Paul Blokker holds a Ph.D. from the European University Institute. Currently, he is associate professor in Sociology, Jean Monnet Chair in European Political Sociology, and programme director of the MA programme Sociology in European Context, at the Institute of Sociological Studies, Charles University, Prague. He also teaches European integration at Syracuse University in Florence.
He is a member of the International Editorial Board of the European Journal of Social Theory, member of Editorial Collective of the new journal Social Imaginaries (international editorial board includes inter alia Charles Taylor, Craig Calhoun, Fred Dallmayr, Peter Wagner), co-editor in the book series Social Imaginaries, a board member of the Research Network 32 European Political Sociology, European Sociological Association, and member of the International Editorial Board for Partecipazione e Conflitto/Participation and Conflict (FrancoAngeli).
In the past, he was principle investigator in the research unit ‘Constitutional Politics in post-Westphalian Europe’ (CoPolis) in the department of Sociology, University of Trento, Italy (financed by the Provincia Autonoma di Trento, 2012-15). The project aimed at an interdisciplinary analysis of constitutional change in four European countries, analysing constitutional reform, and constitutional claims-making as well as the constitutional discourses and critique as endorsed and articulated by a variety of actors (legal, political, and civil society). See for the project: CoPolis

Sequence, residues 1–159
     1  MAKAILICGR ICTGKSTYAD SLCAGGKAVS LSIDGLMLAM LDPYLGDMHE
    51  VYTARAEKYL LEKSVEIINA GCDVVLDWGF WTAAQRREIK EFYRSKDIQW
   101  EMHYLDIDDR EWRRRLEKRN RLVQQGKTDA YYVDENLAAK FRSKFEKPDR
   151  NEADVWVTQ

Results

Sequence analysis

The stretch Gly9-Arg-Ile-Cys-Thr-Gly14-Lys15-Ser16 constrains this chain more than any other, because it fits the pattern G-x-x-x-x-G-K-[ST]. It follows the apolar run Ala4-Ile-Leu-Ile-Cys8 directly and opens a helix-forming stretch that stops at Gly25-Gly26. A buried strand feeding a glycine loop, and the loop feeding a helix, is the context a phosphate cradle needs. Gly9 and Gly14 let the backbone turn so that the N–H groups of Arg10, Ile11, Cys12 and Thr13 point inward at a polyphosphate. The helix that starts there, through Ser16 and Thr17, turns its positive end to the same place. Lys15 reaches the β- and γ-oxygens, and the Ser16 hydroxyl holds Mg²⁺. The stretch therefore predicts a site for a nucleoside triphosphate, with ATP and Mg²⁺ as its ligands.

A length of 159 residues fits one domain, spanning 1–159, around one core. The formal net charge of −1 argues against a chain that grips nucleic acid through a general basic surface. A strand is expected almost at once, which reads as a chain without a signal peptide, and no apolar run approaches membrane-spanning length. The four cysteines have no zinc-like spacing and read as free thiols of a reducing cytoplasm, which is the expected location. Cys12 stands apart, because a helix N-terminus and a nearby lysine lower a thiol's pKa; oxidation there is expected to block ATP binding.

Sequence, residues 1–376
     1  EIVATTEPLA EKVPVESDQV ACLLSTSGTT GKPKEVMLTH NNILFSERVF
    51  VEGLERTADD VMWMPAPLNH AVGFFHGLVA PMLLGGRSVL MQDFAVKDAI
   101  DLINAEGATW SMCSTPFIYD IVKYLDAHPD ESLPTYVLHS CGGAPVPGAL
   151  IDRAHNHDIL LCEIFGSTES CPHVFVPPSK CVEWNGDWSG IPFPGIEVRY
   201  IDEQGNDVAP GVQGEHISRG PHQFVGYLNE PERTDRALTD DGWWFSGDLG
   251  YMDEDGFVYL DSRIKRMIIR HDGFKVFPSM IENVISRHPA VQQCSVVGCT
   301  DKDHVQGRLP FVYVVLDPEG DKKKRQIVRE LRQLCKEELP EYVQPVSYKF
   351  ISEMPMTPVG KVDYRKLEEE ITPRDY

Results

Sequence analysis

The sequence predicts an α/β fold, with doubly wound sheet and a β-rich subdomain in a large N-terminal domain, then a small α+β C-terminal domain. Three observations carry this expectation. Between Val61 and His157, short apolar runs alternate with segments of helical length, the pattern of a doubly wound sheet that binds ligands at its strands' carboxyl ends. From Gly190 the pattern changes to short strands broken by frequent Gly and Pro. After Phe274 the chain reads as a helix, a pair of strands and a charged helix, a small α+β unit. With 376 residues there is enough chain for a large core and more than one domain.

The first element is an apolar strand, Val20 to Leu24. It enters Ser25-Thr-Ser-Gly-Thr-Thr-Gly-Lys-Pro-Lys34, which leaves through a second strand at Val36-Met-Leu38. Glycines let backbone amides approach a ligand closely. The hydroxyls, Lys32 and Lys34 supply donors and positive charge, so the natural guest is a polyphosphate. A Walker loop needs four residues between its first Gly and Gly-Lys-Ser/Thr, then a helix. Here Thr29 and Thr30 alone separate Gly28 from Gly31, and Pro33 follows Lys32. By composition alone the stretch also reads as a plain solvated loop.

Blokker obtained a habilitation in sociology in the Czech Republic (‘docent’), as well as the Abilitazione Scientifica Nazionale for the position of Associate Professor in General, Political and Legal Sociology (14 C/1) and Political Science (14 A/2) in 2012 and 2013. He was a Visiting Fellow at the Law Department of the European University Institute in April-July 2014.
In 2009-11, he was a postdoctoral fellow at the department of Sociology, University of Trento, working on the project ‘Constitutional Crisis in the New Member States’ (a monograph on New Democracies in Crisis. A Comparative Constitutional Analysis of the Czech Republic, Hungary, Poland, Romania and Slovakia has appeared with Routledge). In 2007-2008, he was a Marie Curie Post-Doctoral Fellow at the School of Social and Cultural Studies, University of Sussex (until September 2007, School of Sociology and Social Policy, University of Liverpool), working on a project called “Varieties of Democracy in Central and Eastern Europe”, which has resulted inter alia in a recently published monograph with Routledge: Multiple Democracies in Europe. Political Culture in New Member States. His current research is on constitutionalisms, constitutional rationalities, plurality, and participation in the new member states. (see Research)
His research interests include: Social, Political, and Legal Theory; the Constitutionalism-Democracy Nexus; Constitutional Change; Varieties of Modernity; Capitalism and critique; European integration; the Constitutionalization of Europe, Romanian and Eastern-Central European modernities.